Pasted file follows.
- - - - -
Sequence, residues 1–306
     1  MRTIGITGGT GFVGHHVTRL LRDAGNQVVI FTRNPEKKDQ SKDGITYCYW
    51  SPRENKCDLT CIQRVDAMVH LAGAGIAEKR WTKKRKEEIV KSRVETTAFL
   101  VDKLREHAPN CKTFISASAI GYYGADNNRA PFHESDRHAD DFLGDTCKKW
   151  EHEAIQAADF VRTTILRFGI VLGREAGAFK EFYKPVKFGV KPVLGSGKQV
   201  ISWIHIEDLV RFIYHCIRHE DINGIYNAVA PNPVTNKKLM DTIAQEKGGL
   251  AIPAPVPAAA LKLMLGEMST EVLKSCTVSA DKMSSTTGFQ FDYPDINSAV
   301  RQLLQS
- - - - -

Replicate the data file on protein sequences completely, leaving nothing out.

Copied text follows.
Sequence, residues 1–306
     1  MRTIGITGGT GFVGHHVTRL LRDAGNQVVI FTRNPEKKDQ SKDGITYCYW
    51  SPRENKCDLT CIQRVDAMVH LAGAGIAEKR WTKKRKEEIV KSRVETTAFL
   101  VDKLREHAPN CKTFISASAI GYYGADNNRA PFHESDRHAD DFLGDTCKKW
   151  EHEAIQAADF VRTTILRFGI VLGREAGAFK EFYKPVKFGV KPVLGSGKQV
   201  ISWIHIEDLV RFIYHCIRHE DINGIYNAVA PNPVTNKKLM DTIAQEKGGL
   251  AIPAPVPAAA LKLMLGEMST EVLKSCTVSA DKMSSTTGFQ FDYPDINSAV
   301  RQLLQS